By Kristy Alpert | Photography by Jamison Mosley
They say family history has a way of repeating itself. Fortunately for Herren Hickingbotham, his family has a history of good taste.
The Arkansas native was in his early 20s when his father famously made the trip to a Neiman Marcus store in Dallas where he was finally persuaded to try a bite of frozen yogurt. His aversion to yogurt didn’t stop him from giving it a taste, after which he allegedly exclaimed, “This can’t be yogurt!”
The rest is history.
In less than two decades This Can’t Be Yogurt! (later renamed The Country’s Best Yogurt, or TCBY) grew from a single storefront in Little Rock, Arkansas, to more than 3,000 locations in 70 countries around the world, attracting a fan base that echoed the founder’s flavorful sentiments with each bite.
Now the managing partner for an artisanal gin based out of Texas, it was Herren’s own food aversion — just like his father’s dislike of yogurt — that would eventually lead him to his newest endeavor, which is taking the spirit world by storm.
“I was never a big fan of gin,” admits Herren, managing partner for New Artisan Spirits, Inc., the makers of ROXOR gin. “My experience with gin was typical British gins, and I thought all gin was a Christmas-tree experience, taste-wise.”
So when two of his close and trusted friends invited him to be among the first to sample their new gin, he was skeptical but willing.
“It was so incredibly balanced and smooth,” he recalls. “Really, it was like a high-quality vodka, but with more body and taste.”
Of course, it didn’t hurt that those two close friends and masterminds behind the gin included former Coca-Cola executive Don Short and James Beard Award-winning chef Robert Del Grande, who also holds a doctorate in biochemistry. It was Short who designed the striking skyline bottle and the clever palindrome name ROXOR (as in: It can be served on the ROX, shaken OR stirred), and it was Del Grande who is credited with developing the amazingly balanced recipe and flavor profile of the gin itself.
“What Robert Del Grande has done with the recipe is just fabulous,” says Hickingbotham. “I now know that the taste I didn’t like was the juniper berry. ROXOR has plenty of juniper, but Robert has a way of balancing it with the other 11 botanicals to provide a lovely, balanced experience. I also now know that the way our team steeps and distills the gin is another reason for its success.”
The gin is created in a way best described as “soft steeping and distilling,” a revolutionary process Del Grande created to steep the botanicals for 24 hours in a high-quality neutral grain spirit, with just a touch of heat. Unlike other ginmakers, the ROXOR team avoids crushing the plants during steeping, as that would bring out some of the oils and create an off-putting taste. Instead they focus on the perfume extraction of the plants. After a final distillation, the team liberally clips the heads and tails from the botanicals, where off-tastes can sit, resulting in a superior quality gin with a beautiful nose, fragrance and taste.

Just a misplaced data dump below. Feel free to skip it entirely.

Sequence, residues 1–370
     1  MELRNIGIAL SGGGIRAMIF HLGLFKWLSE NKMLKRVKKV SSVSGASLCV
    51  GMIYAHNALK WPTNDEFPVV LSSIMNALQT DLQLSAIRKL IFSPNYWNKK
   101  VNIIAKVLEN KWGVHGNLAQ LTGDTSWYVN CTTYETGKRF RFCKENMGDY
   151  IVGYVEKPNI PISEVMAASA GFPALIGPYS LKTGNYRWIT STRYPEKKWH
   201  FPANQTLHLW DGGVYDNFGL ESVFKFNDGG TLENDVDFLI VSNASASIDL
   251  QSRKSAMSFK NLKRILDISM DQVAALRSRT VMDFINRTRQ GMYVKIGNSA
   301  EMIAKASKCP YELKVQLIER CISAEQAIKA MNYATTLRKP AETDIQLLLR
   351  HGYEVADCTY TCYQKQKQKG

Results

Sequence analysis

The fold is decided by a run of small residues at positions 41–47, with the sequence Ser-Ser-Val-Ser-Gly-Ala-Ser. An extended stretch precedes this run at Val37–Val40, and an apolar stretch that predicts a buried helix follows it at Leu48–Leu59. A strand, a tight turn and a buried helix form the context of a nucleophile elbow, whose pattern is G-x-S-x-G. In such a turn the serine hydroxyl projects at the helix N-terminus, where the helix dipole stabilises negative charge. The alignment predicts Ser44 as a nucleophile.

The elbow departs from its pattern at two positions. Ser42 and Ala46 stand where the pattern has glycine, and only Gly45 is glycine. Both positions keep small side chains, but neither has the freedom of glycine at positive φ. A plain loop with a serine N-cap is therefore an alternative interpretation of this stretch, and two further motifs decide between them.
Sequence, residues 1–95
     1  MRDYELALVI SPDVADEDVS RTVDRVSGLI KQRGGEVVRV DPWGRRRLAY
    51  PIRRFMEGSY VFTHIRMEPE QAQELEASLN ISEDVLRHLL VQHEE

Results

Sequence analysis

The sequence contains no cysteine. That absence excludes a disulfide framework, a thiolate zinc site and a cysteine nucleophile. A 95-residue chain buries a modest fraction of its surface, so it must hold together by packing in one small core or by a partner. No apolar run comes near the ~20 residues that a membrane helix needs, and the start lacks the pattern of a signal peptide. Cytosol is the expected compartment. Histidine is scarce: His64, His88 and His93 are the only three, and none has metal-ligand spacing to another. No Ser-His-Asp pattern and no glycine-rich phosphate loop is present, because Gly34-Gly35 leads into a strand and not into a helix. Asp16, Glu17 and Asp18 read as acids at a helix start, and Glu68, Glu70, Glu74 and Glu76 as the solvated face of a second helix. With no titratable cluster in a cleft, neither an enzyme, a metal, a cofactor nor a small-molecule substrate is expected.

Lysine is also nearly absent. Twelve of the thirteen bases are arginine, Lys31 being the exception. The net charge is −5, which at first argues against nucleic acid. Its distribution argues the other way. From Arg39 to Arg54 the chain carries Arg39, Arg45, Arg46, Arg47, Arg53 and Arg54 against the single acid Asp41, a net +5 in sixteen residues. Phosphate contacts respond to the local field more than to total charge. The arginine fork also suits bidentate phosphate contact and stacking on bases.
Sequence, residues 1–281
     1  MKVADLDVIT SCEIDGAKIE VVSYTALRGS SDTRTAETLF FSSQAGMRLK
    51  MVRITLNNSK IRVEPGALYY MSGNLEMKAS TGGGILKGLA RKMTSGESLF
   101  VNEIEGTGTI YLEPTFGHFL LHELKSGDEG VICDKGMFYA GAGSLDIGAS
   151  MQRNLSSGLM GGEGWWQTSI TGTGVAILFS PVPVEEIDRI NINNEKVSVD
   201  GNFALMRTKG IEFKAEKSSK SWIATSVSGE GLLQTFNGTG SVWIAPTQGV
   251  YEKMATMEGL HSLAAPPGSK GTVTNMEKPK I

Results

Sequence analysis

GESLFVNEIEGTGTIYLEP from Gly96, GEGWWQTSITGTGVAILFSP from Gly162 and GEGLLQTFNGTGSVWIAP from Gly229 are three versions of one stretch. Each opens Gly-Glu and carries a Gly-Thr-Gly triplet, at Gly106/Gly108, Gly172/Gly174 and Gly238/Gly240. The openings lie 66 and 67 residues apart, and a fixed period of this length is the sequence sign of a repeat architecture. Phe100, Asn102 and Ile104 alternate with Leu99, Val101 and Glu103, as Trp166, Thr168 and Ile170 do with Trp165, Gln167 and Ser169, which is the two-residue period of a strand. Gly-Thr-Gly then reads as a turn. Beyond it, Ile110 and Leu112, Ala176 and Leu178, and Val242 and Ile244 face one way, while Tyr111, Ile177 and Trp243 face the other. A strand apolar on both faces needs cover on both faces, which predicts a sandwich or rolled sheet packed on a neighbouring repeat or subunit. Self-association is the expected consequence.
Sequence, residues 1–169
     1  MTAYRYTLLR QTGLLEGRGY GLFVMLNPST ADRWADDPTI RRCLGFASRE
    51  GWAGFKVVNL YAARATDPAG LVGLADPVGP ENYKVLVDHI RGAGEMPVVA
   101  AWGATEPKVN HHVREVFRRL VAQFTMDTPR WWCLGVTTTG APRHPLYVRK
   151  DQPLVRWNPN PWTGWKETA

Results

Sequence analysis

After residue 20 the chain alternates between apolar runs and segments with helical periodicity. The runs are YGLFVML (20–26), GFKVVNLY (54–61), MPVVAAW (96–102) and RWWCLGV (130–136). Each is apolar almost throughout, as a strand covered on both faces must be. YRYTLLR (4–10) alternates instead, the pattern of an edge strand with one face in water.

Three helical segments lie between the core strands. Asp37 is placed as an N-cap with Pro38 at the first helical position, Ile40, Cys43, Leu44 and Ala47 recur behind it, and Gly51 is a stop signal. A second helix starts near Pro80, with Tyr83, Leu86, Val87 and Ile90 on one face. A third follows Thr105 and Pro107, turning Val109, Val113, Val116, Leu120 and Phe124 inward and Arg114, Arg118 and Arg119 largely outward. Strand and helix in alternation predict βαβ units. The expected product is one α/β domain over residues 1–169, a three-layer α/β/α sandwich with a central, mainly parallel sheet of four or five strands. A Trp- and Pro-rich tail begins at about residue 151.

Although the differences between frozen yogurt and gin are vast, Hickingbotham notes that there may be a few similarities lurking between the two products after all.
“Both are unique tastes and concepts,” he explains. “Trial is critical. The first days of TCBY were focused on giving out samples of product to everyone. Frozen yogurt was a new item, and the consumer had to taste the product to believe. I believe the same is true with ROXOR. Gin, as a category of spirits, has been pretty flat for the last 20 to 30 years. I think people don’t understand it very well, and many gins aren’t very approachable from a taste perspective. So at ROXOR, like TCBY, we are constantly supporting events, making signature cocktails and allowing consumers to experience the taste.”
ROXOR has been very involved in supporting the burgeoning restaurant and bar scene in the state of Arkansas and will be hosting a Great Arkansas ROX STAR Bartender Competition 2018 to further promote the leaders in the industry. The competition is open to active bartenders in the state of Arkansas, where each contestant will have 10 minutes to create three cocktails that will be judged on technique, presentation, taste and originality.
The first round of competition will take place in Northwest Arkansas on June 4. A Central Arkansas competition will take place at Cache in Little Rock on June 11, where the top six finalists will then advance to the ROX Star Finals in Little Rock on June 25. The winner of the competition will enjoy an all-expenses-paid trip to attend Tales of the Cocktail in New Orleans, Louisiana – the most prestigious bartender’s conference in the world.
“I believe in our company, product and team,” adds Hickingbotham. “In Arkansas, you’ll find me sharing ROXOR with consumers and friends. We’ve made a modern gin, perfect for new consumers of gin and even those who don’t think they like gin.”
Tasting greatness is a Hickingbotham specialty, and it was the spirit’s unique blend of Texas grapefruit, sarsaparilla, Texas pecans, cocoa nibs and the mystical earthiness of Italian juniper and traditional botanicals that combined to convert this genetically skeptical palate into an avid Arkansas gin drinker.
For more information, visit newartisanspirits.com.